The Stress and Psyche meters, which are meant to make Snake's trip around the battlefield a little more difficult, aren't implemented well and only seem to play a major factor when playing on the hardest difficulty level. The idea behind the two meters is that Snake's recovery time and aim are thrown off as situations become more intense. The system is functional, though its effects are never readily apparent and only seem to matter if you're taking the "shoot everything" approach; if you're good at stealth, the meters never come into play, which makes little sense since sometimes sneaking around is more tense than being out in the open.

Every so often, Snake will come across battles between local rebels and PMCs, introducing a new level of strategy to stealth. These skirmishes can make Snake's job harder since one stray bullet can be enough to alert people to your presence, yet they can also make things easier. Sometimes it is better to wait out a battle and let the locals thin out the herd. If you are detected, you now have more options for getting out of trouble. You can always pull out your handy box (or barrel) and wait for the heat to die down or take the battle to enemies from the shadows or by donning a uniform and joining the fray.

Enemy A.I. is good in a fight; they take cover and their guns usually outnumber your own. Some will even jump and hang on walls, taking the ground battle vertical or use raptor-like flanking techniques to outflank you. Some are also quite curious and won't hesitate to raise an alarm if things look out of place.

Boss battles are always some of the game's more memorable experiences, and Snake's battles with the Beauty and the Beast squad - four cybernetic and genetically-enhanced beauties - are challenging and some of the best in the series. Unlike past games, boss fights don't come in easily identifiable packets. There isn't "The Sniper Fight" or "The Knife Fight"; instead most of the game's tools and tactics can be incorporated into each battle. Though each has their own identifiable patterns and weak spots, the new tools give you more ways to exploit them to your advantage.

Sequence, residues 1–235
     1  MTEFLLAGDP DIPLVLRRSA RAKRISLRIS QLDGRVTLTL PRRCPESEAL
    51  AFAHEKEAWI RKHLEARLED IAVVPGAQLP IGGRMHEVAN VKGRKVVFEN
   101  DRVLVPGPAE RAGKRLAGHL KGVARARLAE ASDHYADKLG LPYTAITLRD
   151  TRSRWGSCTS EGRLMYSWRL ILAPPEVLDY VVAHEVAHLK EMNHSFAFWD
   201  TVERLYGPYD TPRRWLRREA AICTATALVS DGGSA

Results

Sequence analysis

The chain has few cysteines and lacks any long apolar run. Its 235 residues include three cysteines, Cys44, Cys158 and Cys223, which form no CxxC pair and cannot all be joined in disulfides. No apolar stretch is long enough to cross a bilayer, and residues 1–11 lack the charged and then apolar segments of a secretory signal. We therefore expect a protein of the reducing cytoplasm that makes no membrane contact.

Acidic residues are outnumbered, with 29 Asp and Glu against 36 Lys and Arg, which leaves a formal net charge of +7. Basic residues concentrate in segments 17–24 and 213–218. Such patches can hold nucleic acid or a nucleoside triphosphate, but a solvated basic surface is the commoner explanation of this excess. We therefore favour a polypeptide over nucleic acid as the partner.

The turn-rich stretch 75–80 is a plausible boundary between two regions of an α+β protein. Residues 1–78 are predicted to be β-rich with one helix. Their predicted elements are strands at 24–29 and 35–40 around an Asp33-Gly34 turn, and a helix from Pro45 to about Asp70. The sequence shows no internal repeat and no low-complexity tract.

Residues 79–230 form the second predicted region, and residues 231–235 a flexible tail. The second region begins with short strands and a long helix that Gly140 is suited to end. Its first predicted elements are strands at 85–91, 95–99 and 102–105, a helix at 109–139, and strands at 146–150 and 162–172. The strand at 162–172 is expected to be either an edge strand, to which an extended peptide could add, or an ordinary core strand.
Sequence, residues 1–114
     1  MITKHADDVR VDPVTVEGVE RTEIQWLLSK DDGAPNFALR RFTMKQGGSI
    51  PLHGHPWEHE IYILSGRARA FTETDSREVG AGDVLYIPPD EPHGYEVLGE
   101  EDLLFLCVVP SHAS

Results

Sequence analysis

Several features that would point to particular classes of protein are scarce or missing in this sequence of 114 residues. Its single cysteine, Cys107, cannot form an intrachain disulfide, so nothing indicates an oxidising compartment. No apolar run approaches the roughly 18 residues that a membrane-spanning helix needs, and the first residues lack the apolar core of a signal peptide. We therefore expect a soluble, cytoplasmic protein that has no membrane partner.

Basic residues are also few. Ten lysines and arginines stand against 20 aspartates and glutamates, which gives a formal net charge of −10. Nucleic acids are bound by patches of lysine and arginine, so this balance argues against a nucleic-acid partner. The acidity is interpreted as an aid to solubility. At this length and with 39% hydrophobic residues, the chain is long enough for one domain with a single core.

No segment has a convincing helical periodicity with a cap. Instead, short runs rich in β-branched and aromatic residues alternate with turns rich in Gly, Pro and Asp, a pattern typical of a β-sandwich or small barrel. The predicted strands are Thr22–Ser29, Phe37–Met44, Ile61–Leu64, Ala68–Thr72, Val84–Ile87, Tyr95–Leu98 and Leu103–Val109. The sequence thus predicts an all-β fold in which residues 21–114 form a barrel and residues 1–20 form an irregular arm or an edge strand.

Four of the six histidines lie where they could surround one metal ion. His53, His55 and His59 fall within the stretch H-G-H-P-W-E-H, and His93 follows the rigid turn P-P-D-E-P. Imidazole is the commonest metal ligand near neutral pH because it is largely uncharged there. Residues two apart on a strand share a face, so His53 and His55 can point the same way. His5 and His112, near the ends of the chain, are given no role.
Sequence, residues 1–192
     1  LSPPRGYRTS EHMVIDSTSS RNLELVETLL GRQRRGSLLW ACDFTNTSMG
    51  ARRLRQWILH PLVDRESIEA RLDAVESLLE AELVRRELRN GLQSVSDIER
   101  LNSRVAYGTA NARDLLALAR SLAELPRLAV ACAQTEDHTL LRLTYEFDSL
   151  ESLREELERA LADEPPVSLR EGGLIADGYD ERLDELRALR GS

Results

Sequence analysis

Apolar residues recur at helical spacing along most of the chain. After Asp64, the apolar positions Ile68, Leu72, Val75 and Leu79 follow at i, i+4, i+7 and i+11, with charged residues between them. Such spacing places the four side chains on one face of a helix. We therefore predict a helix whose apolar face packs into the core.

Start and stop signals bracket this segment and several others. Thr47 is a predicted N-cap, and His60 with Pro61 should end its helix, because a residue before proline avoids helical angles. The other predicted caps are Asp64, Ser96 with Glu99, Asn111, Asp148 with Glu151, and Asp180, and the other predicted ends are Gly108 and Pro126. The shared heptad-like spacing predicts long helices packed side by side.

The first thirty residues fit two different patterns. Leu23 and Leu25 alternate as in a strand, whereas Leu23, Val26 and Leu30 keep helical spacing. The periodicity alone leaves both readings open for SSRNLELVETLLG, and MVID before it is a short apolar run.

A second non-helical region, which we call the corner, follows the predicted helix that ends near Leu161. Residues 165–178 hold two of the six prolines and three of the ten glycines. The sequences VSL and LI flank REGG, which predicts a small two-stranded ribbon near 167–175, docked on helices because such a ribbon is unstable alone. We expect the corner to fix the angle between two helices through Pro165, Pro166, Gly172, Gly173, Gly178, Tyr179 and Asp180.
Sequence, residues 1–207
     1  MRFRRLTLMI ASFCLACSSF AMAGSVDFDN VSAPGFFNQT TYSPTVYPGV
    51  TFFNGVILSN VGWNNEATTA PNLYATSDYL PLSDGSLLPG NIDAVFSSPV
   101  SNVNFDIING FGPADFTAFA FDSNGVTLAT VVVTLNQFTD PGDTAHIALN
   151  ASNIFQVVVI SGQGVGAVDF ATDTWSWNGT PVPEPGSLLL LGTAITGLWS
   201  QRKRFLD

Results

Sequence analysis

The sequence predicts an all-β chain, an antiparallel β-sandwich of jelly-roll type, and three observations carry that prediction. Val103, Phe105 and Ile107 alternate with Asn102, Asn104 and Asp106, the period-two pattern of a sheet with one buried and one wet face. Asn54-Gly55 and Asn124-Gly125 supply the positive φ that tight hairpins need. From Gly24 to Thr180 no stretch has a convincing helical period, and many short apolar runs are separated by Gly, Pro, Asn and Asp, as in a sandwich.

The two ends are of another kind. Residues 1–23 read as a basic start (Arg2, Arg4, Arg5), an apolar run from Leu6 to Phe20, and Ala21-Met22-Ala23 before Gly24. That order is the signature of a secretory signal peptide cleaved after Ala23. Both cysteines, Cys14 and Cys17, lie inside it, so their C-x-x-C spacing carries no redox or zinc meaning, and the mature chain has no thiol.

Game Mechanics:
One of the major pitfalls of combining two entirely different play styles is that one will inevitably work its way to the top as the better of the two. Metal Gear Solid 4: Guns of the Patriots somehow sidesteps this problem throughout most of the game. There are areas where one approach is better than the other, though you aren't required to follow one method or the other.

The stealth approach is still the trickier of the two play styles, though the inclusion of the Mk. II makes it easier to scout out areas without blowing your cover. The camouflage system introduced in MGS3 returns in the form of the much more streamlined OctoCamo suit. Instead of digging through menus to find the right camouflage, all you have to do is take cover by a wall and the suit will change to match its surroundings. By far the most useful of Snake's new toys is the Solid Eye, which combines the radar functions from previous games with night vision and a radar function that let's Snake identify items and enemies from a distance.

Once you meet Drebin, you get access to his mobile weapons shop, which can be accessed at any time through the Pause menu. You can collect weapons from fallen enemies and sell them to Drebin for points, which act as a form of currency for buying new weapons. It's a really cool idea, though it doesn't take long for you to figure out that more downed enemies means more points and better weapons. Having a direct mainline to all the guns and ammunition you could ever need changes most of the game's underlying mechanics. It assures that you'll never run out of ammo during boss fights, but also takes away the pressure of having every weapon count. It also makes stealth gameplay easier in some sections since you can usually just tranquilize everyone in the level and never have to worry about hiding bodies.

While it isn't clear where the series goes from here (though a few clues are dropped that the series will continue), the one thing that is clear is that Snake's story has come to an end. Though flawed in some areas, Metal Gear Solid 4: Guns of the Patriots is one of the most complete experiences currently available and a must-have for PS3 owners.

-Starscream, GameVortex Communications
AKA Ricky Tucker